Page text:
Landmark Federal Court legal action by movie producers against Australia’s third-largest internet service provider, iiNET, has highlighted the problems of unlawful downloads and unauthorised file sharing.
RMIT University General Counsel, John Lambrick, says unlawful file sharing – which is estimated to account for between 50 and 80 per cent of broadband use in Australia – raises complex issues for rights holders, lawyers and regulators.
“The Rudd Government is considering a ‘three strikes and you’re out’ policy against internet users who download unlawfully,” Mr Lambrick said.
“But market research has found 63 per cent of young Australians feel there’s no point paying for music that’s otherwise freely available so there’s a strong need for education to change these attitudes and promote the protection of copyright. The government may also oblige Internet Service Providers (ISPs) to monitor people’s use and filter infringing content but this would fail to recognise the technical and legal issues involved.”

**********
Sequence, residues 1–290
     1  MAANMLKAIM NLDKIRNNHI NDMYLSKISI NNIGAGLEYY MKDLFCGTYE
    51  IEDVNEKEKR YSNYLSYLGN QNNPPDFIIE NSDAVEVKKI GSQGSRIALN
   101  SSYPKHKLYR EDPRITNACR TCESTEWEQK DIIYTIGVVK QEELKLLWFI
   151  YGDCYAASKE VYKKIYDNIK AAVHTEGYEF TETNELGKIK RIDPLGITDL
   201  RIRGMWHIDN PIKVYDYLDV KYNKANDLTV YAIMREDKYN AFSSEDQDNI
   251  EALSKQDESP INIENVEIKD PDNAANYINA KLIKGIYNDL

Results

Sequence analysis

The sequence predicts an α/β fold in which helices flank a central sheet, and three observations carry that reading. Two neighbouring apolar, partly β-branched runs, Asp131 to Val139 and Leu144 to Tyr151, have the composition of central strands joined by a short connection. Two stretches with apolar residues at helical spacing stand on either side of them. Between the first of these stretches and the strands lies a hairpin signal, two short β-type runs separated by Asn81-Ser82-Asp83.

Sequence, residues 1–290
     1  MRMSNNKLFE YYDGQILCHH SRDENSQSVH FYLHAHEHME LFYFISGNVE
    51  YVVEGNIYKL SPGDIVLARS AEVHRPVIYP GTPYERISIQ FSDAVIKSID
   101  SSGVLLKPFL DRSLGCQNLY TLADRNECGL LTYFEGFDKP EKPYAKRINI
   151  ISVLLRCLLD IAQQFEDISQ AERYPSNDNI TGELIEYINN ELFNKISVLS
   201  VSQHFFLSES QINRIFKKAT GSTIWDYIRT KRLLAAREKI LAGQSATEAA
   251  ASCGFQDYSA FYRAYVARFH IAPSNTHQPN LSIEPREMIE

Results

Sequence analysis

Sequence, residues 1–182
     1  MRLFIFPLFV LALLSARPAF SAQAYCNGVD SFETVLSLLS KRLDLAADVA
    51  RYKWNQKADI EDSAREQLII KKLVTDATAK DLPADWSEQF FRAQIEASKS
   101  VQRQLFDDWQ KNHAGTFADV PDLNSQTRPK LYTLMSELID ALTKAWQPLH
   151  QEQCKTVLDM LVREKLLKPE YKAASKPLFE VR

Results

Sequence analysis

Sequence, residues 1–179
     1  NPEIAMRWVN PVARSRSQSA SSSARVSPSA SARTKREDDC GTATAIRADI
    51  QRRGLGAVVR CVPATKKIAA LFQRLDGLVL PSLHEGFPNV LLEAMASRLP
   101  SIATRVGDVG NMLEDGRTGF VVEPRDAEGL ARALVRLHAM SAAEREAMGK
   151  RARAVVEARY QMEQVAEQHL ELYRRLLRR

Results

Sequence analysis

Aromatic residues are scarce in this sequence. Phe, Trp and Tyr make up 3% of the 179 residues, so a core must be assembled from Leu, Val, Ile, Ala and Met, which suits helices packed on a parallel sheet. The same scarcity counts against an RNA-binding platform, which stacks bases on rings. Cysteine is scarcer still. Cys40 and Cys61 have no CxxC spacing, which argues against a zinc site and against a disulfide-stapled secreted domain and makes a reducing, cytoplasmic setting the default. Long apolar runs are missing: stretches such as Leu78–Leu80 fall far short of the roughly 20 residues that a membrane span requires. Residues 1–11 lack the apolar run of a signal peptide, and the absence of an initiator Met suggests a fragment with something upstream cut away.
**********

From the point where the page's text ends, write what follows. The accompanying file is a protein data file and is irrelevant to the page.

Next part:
“While filtering technology does exist for particular types of content, it’s not technically possible for ISPs to reliably detect and block unauthorised file sharing so any such legislation would be futile,” Mr Lambrick said.
“Additionally, the ’safe harbour’ provisions of the Copyright Act ,which limit the liability of ISPs for unauthorised file sharing by their account holders, offer no incentive for ISPs to help resolve the problem by other means. The only workable solution currently available is for the government to help
develop a co-operative agreement between ISPs and rights holders, similar to what has happened in the UK and France. This may well be the ultimate objective of the plaintiffs in the iiNet litigation.”
“Telling illegal downloaders ‘three strikes and you’re out’ may sound good, but such a plan can only succeed if there is cooperation between rights holders and ISPs and the appropriate legal architecture to ensure integrity and fairness.”